Age≥75 y<6.5%1.22 [0.65, 2.27]0.5360.0351.35 [0.68, 2.68]0.3900.0811.30 [0.65, 2.60]0.4510.083
    ≥6.5%0.11 [0.01, 0.95]0.0440.18 [0.02, 1.55]0.1180.17 [0.02, 1.53]0.115
    Men<6.5%0.98 [0.59, 1.62]0.9380.9860.94 [0.55, 1.60]0.8100.8210.93 [0.54, 1.60]0.7950.796
    ≥6.5%0.97 [0.24, 3.92]0.9630.78 [0.17, 3.64]0.7480.75 [0.16, 3.60]0.719
    Women<6.5%1.36 [0.72, 2.55]0.3390.0181.46 [0.76, 2.79]0.2580.0741.59 [0.82, 3.09]0.1710.110
    ≥6.5%0.27 [0.08, 0.88]0.0300.40 [0.11, 1.40]0.1510.47 [0.13, 1.77]0.264
    Individual endpoints
    Stroke<6.5%0.87 [0.53, 1.45]0.6010.3370.94 [0.56, 1.58]0.8230.6450.96 [0.57, 1.62]0.8830.691
    ≥6.5%0.48 [0.16, 1.47]0.1980.67 [0.18, 2.56]0.5630.72 [0.19, 2.76]0.630
    Myocardial infarction<6.5%1.51 [0.84, 2.71]0.1650.2011.43 [0.78, 2.63]0.2460.1001.43 [0.78, 2.62]0.2540.081
    ≥6.5%0.59 [0.16, 2.20]0.4330.38 [0.09, 1.64]0.1970.35 [0.08, 1.52]0.160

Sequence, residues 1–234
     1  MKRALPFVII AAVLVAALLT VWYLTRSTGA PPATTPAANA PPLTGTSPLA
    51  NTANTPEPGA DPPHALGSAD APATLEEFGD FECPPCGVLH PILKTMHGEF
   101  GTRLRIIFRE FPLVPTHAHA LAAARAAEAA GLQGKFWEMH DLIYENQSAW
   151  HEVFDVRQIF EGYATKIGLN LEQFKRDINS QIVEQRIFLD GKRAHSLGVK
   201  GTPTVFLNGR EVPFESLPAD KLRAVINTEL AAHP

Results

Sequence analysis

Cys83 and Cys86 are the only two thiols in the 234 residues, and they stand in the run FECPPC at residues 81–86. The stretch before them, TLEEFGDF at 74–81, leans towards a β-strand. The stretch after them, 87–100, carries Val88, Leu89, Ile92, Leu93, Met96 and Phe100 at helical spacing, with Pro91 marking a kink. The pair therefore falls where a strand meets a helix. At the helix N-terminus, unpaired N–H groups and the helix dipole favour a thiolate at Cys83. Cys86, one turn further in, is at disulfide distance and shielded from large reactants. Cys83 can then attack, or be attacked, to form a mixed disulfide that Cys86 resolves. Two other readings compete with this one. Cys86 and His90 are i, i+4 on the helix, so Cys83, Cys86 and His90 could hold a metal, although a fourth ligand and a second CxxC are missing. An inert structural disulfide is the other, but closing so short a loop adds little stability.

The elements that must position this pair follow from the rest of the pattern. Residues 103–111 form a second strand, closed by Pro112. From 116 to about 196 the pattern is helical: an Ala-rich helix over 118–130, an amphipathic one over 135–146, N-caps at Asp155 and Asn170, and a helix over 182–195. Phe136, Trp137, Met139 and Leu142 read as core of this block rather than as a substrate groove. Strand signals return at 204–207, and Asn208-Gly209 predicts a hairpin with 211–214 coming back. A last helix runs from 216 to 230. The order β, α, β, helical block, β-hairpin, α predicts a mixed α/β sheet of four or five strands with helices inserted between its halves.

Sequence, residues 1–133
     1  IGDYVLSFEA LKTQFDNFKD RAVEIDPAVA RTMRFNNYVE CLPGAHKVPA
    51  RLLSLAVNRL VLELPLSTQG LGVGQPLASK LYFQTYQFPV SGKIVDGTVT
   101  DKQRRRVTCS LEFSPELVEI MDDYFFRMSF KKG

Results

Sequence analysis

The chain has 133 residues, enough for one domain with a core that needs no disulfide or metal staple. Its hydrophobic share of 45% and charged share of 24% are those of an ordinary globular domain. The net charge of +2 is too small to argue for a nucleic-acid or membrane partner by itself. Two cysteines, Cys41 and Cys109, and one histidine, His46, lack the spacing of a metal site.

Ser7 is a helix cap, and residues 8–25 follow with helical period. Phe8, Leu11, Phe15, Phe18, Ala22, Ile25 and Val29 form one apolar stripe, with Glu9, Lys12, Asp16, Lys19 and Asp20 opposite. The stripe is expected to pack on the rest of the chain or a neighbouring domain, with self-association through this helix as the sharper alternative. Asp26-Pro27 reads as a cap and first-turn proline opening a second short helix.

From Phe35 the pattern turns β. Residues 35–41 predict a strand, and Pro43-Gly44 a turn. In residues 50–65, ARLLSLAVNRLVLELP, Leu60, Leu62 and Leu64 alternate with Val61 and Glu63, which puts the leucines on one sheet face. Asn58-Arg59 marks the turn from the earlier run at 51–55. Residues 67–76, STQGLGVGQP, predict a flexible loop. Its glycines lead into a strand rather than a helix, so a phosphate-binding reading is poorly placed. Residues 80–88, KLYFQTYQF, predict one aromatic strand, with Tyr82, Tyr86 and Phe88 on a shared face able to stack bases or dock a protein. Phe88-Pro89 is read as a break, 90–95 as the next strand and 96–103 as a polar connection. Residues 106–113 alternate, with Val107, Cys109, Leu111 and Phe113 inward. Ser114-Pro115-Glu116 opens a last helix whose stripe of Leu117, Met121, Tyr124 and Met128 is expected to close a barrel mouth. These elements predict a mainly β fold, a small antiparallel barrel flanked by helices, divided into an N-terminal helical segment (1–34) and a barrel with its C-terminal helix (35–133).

Sensitivity analyses
    Age as time scale<6.5%1.09 [0.74, 1.61]0.6590.1141.10 [0.74, 1.66]0.6300.1461.13 [0.75, 1.70]0.5530.176
    ≥6.5%0.50 [0.21, 1.21]0.1250.51 [0.19, 1.34]0.1710.54 [0.20, 1.46]0.226
    No HbA1c imputation<6.5%1.08 [0.72, 1.61]0.7080.2551.10 [0.73, 1.67]0.6400.2521.10 [0.73, 1.67]0.6490.346
    ≥6.5%0.60 [0.24, 1.52]0.2810.59 [0.21, 1.60]0.2970.64 [0.23, 1.82]0.408
    Subjects with prior CVD excluded<6.5%1.24 [0.80, 1.90]0.3320.1301.23 [0.79, 1.92]0.3570.2331.27 [0.82, 1.99]0.2870.233
    ≥6.5%0.55 [0.21, 1.44]0.2220.63 [0.23, 1.73]0.3730.65 [0.23, 1.81]0.409

    HR [95% CI] and P value are for the comparison of Hp 2‐2 versus other genotypes among subjects with glycosylated hemoglobin (HbA1c) <6.5% or HbA1c≥6.5%, respectively. Pinteraction is for a difference in the effect of dichotomized Hp genotype between those with HbA1c<6.5% and those with HbA1c≥6.5%. Model 1: adjustment for age and sex; Model 2: as model 1, with additional adjustment for current smoking, systolic blood pressure, LDL cholesterol, and HDL cholesterol; Model 3: as model 2, with additional adjustment for metabolic equivalent hours, alternative healthy eating index, statin use, and body mass index. CVD indicates cardiovascular disease; HbA1c, glycosylated hemoglobin; HR, hazard ratio.